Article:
In response to a feature in The Times of India: “Efforts on to standardize ayurveda,” “Medicinal plant cultivation: Change in approach needed,” “Not enough facilities to ensure quality of medicines,” Feb. 22, 2016.
Achieving full potential of Ayurveda [2, 3, 4] medicines require a much broader approach than what is currently in use. Trying to fit Ayurveda into the existing framework used by modern medicine is less than optimum. The organizing principle for modern medicine is “treatment of diseases.” With gross simplification, modern medical model for pharmacology consists of:
- diagnosing, identifying symptoms and causes of diseases,
- identifying, discovering substances and compounds that can alleviate the symptoms, and
- treatments for symptomatic cure.
In contrast, the organizing principle in Ayurveda is “normal health.” And the fundamental idea is to assist the body to return to normal health using naturally occurring substances. Hence, the benefits achievable using Ayurveda system with a disease-oriented model, will be less than its full potential. Better results are possible with a personalized, helath-oriented framework.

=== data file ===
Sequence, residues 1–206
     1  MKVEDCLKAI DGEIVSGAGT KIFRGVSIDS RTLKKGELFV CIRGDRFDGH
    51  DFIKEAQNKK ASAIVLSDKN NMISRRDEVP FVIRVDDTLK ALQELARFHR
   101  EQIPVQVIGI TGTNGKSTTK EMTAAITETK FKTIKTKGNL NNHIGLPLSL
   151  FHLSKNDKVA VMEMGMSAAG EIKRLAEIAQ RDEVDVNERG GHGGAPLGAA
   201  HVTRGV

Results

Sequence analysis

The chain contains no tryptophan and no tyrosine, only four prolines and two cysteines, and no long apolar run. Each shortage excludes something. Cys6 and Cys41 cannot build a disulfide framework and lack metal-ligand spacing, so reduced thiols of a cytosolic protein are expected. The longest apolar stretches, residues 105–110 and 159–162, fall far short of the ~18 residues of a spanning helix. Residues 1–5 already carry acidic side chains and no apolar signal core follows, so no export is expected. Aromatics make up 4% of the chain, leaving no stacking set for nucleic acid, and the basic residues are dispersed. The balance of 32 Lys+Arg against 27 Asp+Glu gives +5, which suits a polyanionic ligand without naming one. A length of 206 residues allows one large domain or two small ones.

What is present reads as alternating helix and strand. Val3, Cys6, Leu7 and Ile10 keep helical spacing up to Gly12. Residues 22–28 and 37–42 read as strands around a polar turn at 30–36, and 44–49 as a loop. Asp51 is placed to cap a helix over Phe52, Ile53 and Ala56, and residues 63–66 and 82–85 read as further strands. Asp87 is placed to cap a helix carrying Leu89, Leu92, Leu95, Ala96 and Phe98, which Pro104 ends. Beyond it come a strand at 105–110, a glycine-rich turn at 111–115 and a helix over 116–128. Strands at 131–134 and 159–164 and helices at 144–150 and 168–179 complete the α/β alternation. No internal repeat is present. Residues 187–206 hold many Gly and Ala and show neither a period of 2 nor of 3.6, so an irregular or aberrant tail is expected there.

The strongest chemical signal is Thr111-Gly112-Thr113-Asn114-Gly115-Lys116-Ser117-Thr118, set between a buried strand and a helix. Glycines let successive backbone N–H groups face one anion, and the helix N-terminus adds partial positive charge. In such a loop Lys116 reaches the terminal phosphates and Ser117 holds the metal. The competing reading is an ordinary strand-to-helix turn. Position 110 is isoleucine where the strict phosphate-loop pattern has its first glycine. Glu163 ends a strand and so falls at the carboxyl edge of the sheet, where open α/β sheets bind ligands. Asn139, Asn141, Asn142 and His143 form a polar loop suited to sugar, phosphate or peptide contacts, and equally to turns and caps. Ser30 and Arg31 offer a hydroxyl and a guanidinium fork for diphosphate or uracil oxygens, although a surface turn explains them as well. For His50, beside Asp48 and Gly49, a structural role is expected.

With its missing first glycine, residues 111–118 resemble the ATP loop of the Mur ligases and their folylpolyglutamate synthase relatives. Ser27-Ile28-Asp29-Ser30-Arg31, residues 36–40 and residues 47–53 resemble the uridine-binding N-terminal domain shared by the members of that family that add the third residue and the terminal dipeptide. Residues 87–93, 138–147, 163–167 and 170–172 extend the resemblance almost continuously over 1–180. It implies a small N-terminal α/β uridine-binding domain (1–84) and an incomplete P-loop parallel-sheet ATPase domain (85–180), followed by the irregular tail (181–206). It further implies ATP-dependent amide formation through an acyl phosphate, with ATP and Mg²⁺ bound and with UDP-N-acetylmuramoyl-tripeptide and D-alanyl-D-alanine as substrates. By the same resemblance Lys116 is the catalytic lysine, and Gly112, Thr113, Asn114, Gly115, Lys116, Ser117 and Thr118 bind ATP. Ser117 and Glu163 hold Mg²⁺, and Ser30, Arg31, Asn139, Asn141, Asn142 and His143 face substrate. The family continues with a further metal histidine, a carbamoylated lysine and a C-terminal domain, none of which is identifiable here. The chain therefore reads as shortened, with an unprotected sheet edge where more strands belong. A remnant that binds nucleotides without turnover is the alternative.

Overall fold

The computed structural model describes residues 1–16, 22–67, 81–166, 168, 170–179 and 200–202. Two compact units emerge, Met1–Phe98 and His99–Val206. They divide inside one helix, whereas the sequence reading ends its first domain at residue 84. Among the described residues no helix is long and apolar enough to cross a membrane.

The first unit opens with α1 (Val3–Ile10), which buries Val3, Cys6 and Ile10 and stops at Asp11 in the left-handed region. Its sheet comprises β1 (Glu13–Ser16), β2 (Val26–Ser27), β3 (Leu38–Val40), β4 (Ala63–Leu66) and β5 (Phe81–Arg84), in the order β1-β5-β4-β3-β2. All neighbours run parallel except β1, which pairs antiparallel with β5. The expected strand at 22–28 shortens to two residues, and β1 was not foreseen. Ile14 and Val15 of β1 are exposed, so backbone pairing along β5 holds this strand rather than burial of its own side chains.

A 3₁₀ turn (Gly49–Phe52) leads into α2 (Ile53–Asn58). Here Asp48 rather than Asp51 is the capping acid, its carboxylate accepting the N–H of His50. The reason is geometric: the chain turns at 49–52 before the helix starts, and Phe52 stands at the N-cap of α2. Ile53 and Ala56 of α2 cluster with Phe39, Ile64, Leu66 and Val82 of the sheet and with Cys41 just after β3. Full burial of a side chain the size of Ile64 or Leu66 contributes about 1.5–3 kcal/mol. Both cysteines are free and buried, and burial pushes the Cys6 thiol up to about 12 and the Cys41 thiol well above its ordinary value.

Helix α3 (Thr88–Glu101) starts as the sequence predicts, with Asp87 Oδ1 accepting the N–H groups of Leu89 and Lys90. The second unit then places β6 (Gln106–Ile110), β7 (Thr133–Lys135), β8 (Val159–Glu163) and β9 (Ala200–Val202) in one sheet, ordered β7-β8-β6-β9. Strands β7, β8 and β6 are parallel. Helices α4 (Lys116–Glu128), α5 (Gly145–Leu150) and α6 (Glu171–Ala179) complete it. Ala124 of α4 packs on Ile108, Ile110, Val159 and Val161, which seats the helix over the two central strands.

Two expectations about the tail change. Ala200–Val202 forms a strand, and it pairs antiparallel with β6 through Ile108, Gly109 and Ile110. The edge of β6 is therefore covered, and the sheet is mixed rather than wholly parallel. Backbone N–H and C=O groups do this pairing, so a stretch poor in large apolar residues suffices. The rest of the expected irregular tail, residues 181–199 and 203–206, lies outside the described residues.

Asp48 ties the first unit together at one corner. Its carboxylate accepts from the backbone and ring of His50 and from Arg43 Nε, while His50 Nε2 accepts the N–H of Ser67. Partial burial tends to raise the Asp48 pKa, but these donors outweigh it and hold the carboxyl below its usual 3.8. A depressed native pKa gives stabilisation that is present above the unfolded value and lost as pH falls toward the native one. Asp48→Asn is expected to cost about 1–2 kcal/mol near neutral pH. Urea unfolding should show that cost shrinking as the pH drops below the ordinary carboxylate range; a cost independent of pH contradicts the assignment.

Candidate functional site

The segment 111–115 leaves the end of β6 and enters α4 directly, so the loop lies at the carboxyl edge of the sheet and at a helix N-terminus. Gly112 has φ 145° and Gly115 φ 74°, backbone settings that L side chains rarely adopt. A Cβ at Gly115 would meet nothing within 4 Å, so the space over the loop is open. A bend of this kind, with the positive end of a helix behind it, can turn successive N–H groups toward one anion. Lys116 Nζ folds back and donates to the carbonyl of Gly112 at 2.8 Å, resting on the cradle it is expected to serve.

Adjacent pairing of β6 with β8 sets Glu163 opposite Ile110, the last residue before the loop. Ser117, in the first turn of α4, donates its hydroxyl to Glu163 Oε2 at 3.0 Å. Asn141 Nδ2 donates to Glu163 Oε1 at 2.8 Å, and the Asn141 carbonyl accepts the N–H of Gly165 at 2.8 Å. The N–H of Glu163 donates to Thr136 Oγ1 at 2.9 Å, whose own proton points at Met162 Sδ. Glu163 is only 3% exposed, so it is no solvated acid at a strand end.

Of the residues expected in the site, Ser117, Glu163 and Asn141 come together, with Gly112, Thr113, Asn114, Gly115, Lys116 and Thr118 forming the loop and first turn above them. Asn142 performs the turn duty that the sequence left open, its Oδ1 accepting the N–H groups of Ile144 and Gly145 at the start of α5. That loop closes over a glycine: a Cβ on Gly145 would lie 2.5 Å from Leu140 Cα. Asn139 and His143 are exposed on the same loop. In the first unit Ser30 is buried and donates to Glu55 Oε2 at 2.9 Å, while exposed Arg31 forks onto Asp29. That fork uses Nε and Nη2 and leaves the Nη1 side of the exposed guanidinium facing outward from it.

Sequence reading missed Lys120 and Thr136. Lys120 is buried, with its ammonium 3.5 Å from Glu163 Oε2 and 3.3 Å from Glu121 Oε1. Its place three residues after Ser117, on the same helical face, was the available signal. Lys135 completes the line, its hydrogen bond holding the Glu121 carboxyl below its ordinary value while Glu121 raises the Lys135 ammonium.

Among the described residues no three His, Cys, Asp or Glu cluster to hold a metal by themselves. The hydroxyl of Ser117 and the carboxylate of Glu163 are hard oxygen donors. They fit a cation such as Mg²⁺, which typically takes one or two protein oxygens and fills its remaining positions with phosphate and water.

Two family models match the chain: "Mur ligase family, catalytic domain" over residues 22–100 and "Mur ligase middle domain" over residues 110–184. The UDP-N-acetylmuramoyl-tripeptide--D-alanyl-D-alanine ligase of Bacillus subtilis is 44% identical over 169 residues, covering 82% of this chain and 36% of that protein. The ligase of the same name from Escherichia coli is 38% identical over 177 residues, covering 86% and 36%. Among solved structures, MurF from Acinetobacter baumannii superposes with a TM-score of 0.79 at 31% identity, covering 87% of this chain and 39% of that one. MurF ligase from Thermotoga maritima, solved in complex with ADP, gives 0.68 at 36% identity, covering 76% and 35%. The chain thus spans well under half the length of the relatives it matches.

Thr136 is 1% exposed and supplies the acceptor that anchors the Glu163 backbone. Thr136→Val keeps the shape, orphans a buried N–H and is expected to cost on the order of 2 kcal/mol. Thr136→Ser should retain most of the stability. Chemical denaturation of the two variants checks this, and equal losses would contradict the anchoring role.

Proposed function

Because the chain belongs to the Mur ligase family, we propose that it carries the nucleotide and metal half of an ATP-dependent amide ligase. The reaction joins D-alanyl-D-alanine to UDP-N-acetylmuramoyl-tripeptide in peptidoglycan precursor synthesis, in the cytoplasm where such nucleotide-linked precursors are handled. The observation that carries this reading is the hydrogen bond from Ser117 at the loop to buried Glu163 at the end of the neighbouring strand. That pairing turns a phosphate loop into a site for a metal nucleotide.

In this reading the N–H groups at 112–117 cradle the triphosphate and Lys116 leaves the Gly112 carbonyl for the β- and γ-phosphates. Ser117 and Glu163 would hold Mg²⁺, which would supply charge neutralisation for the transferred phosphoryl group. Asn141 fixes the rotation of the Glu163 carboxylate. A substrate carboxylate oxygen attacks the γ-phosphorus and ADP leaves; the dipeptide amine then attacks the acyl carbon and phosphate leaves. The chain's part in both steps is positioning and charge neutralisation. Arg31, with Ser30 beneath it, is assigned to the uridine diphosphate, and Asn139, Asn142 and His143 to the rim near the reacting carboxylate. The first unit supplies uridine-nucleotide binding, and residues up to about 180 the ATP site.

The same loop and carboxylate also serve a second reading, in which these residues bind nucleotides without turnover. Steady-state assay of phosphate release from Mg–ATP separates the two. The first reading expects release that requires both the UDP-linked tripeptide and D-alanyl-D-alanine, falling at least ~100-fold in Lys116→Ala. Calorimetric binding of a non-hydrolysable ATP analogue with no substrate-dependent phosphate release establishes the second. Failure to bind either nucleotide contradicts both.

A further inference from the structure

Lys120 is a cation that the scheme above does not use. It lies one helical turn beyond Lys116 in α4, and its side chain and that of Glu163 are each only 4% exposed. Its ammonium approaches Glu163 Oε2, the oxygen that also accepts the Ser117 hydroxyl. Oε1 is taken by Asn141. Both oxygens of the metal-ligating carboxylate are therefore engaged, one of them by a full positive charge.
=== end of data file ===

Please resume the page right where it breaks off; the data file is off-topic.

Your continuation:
In modern pharmacology, once the active ingredients are identified and dosages determined, standardization and quality assurance are straight forward.
But dependence on natural substances by Ayurveda inherently makes standardization and quality assurance methods used in modern pharmacology a misfit, due to natural variations in the substances used. A personalized health/wellness centered framework is better suited for Ayurveda. Developing such a health-centered framework is necessary to help achieve the full potential for Ayurveda.
Over dependence on traditions may not always by helpful. In addition, incorporating current medical knowledge, biochemistry, theories of human physiology and clinical practices can help enhance Ayurveda’s effectiveness.